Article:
Does psychology as an import from Western culture adequately explain Eastern behaviour. Are its methods of therapy appropriate?
The differences between Western and Asian cultures and philosophical backgrounds suggests that counselling Asian clients’ needs to focus on their life and social practice so as to achieve harmony and balance between individuals, in-group, and the society. Asian clients in general expect directive, goal-oriented, time-limited and pragmatic counselling, they have a particular form of expressing emotions, and they need a particular counselling relationships.
In view of all these and Asian clients’ expectations, the counselling of Asian clients requires a readjustment of the counselling relationship and the counselling process to provide culturally relevant therapy. Therefore, the PATH Conceptual Framework, a fusion of Eastern philosophy with Western process that integrates several research-based approaches was developed. It addresses the cognitive, emotional, behavioural, philosophical, somatic, spiritual and the major features of Asian culture, and how they influence counselling practice.
As an open dynamic model, it is originated from the Yin- Yang principle with two constitutive components in the counselling relationship, and the unity of Yin-Yang means that all things are completed. It integrates Asian tradition with the concepts of Western counselling theories. The model is based on the grounds of Asian philosophy and borrows the ideas of Western counselling theories to explain the structure. The model does not focus solely on traditional heritage, as this may risk the loss of the reality of acculturation in modern life and the valuable aspects of Western theories.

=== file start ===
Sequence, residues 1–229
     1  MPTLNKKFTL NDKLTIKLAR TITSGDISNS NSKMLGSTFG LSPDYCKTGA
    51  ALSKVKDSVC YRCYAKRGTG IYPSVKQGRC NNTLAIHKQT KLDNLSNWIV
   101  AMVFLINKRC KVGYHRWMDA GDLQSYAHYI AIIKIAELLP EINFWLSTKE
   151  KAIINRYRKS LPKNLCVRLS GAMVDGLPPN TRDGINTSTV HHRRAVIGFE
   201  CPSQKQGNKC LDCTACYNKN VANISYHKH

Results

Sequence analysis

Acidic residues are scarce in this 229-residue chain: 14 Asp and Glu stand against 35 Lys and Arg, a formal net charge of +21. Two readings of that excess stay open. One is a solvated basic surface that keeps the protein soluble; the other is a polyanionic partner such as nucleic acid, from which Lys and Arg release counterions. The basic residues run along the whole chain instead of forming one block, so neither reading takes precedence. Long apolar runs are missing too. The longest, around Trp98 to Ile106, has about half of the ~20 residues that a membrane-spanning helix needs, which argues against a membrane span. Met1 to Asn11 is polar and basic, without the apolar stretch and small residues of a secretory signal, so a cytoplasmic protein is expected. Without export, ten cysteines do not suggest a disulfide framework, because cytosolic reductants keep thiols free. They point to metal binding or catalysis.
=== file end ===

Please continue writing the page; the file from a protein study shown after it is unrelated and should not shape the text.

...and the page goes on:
Culturally competent psychotherapy requires three levels of adjustments for patients of diversified ethnic and cultural backgrounds. Proper technical adjustment in the area of therapist-patient relationships, communications, therapeutic focus, and choice of therapy models. Relevant theoretical modifications for issues related to the concepts of “self,” body and mind, interpersonal dependency, personality development, defense mechanism and coping. As for philosophical reorientation suitable attention is indicated for the matter of lifestyle choice, soul and spirituality, and meaning of maturity.
Every person is affected by his or her own culture so culturally competent psychotherapy is needed for every patient irrespective of his or her ethnic, racial, cultural or socio-economic background.